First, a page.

Our season preview series concludes this week with a look at some of the arms that could make up the San Jose Giants bullpen. The Giants possessed several standout relief pitchers in 2013, including lights-out closers Derek Law and Hunter Strickland along with Bryce Bandilla, Cody Hall and Josh Osich. Now looking ahead to this season, the bullpen should once again be a strength of the club as a new crop of talented relievers are likely headed to San Jose.
The 2013 Augusta GreenJackets (Class-A) featured a prospect-laden starting rotation and many, if not all, of those hurlers expected to open this season in San Jose. However, it wasn't just the starting staff that excelled in Augusta a year ago. An exciting group of relievers helped propel the GreenJackets to numerous close victories en route to the team posting the top regular season record in the South Atlantic League. Augusta's strength in 2013 could now be San Jose's strength this year.
Headlining the list of GreenJackets relievers expected to make the jump to the California League is right-handed closer Tyler Mizenko. Mizenko, a former 28th round draft pick, led the South Atlantic League with 25 saves last season. He owned an impressive 2.75 ERA over 48 relief appearances while striking out 50 batters in 52 1/3 innings. Armed with a heavy low-to-mid 90's sinker and power slider, Mizenko had the highest groundout-to-flyout ratio on the Augusta staff - a trait that should serve him well in the hitter-friendly California League.
In 27 games before the All-Star break last year, Mizenko boasted a remarkable 0.61 ERA yielding just two earned runs in 29 2/3 innings while going 15-for-16 in save opportunities. A rocky stretch in July, which reportedly could be attributed to fatigue and some bad luck inflated Mizenko's ERA somewhat, but he recovered in August to finish the year strong. Over the first two seasons of his professional career, Mizenko has collected 38 saves and owns a stellar 2.46 ERA.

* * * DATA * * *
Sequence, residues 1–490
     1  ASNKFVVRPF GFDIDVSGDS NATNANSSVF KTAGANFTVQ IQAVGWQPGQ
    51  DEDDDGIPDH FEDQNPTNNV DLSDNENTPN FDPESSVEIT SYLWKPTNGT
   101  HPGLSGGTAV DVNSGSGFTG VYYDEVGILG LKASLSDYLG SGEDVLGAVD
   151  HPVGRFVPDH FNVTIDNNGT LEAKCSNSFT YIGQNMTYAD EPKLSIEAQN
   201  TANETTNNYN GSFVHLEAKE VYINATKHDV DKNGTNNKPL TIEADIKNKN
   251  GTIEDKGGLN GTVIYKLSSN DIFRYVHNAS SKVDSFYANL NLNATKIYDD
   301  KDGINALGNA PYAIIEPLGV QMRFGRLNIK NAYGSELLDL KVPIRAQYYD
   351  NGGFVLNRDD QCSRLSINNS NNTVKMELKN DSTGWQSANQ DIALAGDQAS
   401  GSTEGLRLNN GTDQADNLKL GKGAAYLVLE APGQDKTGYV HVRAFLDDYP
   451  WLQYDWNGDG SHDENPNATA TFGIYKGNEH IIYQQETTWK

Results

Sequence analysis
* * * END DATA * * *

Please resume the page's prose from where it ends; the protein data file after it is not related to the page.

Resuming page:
Mizenko though wasn't the only one who enjoyed success in the late-innings out of GreenJackets bullpen last season. Right-hander Stephen Johnson, a former sixth round draft pick, was the most dominant arm among the Augusta relief corps down the stretch and almost certainly is ticketed for San Jose this spring. Over his final 15 appearances last year dating back to July, Johnson fired 19 scoreless innings with just six hits allowed and a whopping 28 strikeouts. He spent most of the year as a set-up man before sharing the closing duties with Mizenko late in the campaign.
Johnson features an electric mid 90's fastball and a plus-slider that helped him log 71 strikeouts in just 52 1/3 innings last season. He recovered from a difficult middle portion of the season to post an overall ERA of 3.61 while limiting the opposition to a .215 batting average and going 8-for-8 in save chances. Of note, Johnson did walk 30 batters (over five per nine innings on average), so improving his control will be a point of emphasis this year.
Fellow right-handed relievers Jorge Bucardo and Ian Gardeck were also key members of the Augusta bullpen last season and should be headed to San Jose. Bucardo has previous California League experience having pitched as a starter with the Giants late in 2010 before battling significant arm injuries the next two years. He returned as a reliever and opened last season in the San Jose bullpen, but quickly found himself on the DL after just five appearances. Once healthy again, Bucardo was sent to Augusta, where he pitched for the remainder of the season.
Bucardo gives the hitter a unique look with a low 3/4 arm slot resulting in significant movement on everything he throws. The veteran was spectacular in Augusta last season posting a 1.84 ERA in 27 games with six saves and a .197 opponents batting average. Bucardo thrived both in middle relief and in the late innings and that versatility should only help the Giants this season.
Meanwhile, Gardeck is another reliever with an overpowering mid 90's fastball. He averaged well over a strikeout per inning (66 K's in 56 IP) while logging a solid 3.21 ERA. Gardeck, like Johnson, can struggle with his control (almost 6 1/2 walks per nine innings last year), but when in the strike zone, he's awfully tough to hit. Gardeck, while working primarily as a sixth-to-eighth inning guy, had a 0.63 ERA in August last season and is poised for a promotion to the California League.